A film by Valentin Thurn and Sabine Goette
Length: 45 minutes
The worldwide spread of new superbacteria is making doctors worry. The most widespread and dangerous among these hospital germs is called MRSA (multi-resistant staphylococcus aureus). In Germany alone, 15,000 patients are infected with it each year; twice that figure in France. As the name implies, MRSA is resistant to commonly prescribed antibiotics. And this germ is becoming more and more aggressive. The number of medications that can still be deployed effectively against it is sinking from year to year. MRSA can lead to wound infections, pneumonia, sepsis, and can often be fatal. Throughout Europe, around 50,000 people die due to this killer germ each year.
Superbacteria like MRSA have been around for more than 40 years, but in countries like Germany or France the problem was underestimated for a long time. The consequence: The germ disperses itself so heavily that today clinics can barely keep it in check. Even the strictest preventive hygiene procedures are unable to drop the risk of infection during an operation to zero.
Ever since penicillin was discovered, doctors have relied on antibiotics to effectively fight bacterial infection. Yet as soon as a new drug was found, a few years later strains of bacteria existed that were already resistant against it. Their march onward proceeded fastest above all in those countries in which antibiotics were used as generously as possible. In contrast, fewer supergerms exist wherever they were dispensed more frugally and in a targeted manner.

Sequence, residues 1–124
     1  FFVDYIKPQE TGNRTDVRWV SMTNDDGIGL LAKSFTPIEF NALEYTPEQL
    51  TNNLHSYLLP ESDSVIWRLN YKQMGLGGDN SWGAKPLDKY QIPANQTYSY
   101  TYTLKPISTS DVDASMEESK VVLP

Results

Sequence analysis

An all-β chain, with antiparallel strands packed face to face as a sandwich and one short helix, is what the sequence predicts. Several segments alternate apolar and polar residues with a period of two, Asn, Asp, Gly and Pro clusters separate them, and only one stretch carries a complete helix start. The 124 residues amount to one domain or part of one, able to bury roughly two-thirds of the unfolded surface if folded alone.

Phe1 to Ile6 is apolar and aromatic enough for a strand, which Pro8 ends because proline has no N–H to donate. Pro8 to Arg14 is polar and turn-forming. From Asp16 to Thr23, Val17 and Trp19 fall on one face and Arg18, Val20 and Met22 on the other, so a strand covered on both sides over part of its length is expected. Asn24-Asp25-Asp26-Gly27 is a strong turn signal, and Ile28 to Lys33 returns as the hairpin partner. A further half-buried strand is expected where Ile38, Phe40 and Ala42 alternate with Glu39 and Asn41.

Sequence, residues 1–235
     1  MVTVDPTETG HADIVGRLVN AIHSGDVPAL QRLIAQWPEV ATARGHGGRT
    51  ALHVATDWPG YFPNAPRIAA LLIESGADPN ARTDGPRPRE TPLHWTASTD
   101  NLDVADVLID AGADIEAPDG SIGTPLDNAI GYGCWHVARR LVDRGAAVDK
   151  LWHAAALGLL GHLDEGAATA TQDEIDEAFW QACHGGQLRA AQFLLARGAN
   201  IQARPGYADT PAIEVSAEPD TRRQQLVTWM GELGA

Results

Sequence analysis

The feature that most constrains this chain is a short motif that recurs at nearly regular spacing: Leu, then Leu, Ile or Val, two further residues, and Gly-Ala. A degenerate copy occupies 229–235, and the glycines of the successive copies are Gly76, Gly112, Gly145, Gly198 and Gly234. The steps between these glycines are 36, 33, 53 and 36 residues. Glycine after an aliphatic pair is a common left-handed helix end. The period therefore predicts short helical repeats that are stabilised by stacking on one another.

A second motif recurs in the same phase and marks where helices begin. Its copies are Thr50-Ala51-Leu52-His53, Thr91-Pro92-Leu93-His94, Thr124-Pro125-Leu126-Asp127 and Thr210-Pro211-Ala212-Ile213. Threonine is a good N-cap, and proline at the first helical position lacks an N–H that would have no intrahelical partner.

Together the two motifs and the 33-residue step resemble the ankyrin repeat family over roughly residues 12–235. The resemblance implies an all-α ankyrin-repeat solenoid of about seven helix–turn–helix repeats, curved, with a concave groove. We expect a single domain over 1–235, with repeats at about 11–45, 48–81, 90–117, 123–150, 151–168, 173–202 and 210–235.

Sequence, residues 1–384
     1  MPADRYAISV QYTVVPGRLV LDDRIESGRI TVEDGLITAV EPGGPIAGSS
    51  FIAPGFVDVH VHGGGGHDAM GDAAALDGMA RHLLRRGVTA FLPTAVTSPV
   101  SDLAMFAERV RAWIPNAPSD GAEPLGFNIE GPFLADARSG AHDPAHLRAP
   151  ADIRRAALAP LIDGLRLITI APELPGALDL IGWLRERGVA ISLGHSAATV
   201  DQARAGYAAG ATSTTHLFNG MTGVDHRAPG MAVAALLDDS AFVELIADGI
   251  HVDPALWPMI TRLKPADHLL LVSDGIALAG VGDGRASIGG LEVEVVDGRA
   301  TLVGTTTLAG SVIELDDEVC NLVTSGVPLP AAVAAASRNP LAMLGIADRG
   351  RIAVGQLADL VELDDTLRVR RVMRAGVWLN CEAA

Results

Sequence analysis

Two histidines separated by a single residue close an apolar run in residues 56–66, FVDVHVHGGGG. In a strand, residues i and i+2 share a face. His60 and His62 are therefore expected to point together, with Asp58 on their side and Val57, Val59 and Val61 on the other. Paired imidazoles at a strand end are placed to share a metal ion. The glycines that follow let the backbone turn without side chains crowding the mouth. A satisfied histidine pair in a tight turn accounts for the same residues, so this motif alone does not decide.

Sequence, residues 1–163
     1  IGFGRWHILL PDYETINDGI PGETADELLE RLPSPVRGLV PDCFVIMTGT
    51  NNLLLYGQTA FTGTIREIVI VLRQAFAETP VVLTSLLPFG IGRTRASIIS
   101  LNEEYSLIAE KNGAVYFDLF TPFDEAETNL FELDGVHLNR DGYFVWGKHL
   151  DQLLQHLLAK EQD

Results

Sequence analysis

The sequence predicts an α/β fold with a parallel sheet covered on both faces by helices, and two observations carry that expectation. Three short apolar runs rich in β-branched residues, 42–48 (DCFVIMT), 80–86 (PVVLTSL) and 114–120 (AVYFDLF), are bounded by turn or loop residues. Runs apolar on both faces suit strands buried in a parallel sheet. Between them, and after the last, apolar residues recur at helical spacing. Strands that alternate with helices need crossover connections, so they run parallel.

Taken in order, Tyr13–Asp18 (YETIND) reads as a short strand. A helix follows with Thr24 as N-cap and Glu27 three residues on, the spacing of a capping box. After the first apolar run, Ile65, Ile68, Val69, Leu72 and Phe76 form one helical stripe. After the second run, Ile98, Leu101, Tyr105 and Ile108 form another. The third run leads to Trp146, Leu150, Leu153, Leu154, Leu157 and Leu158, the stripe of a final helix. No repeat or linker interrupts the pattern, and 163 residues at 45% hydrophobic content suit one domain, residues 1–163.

Film-makers Valentin Thurn and Sabine Goette investigate the question: What is being done at European hospitals to stop the spread of hospital germs? How have doctors and staff in the Netherlands managed to reduce the number of illnesses due to MRSA to almost none? How do these new bacteria spread, germs against which no antibiotic around offers relief anymore? What hope is research offering in terms of vaccines? And: How are patients coping with the fact that they were infected with a superbacteria at a hospital and probably will never be rid of it again?
2009 Journalism Award of the ARGUS foundation for the conservation and development of antibiotics
Produced by Rainer Regensburger, commissioning editor: Linde Dehner (ZDF/ARTE) International Distribution by Telepool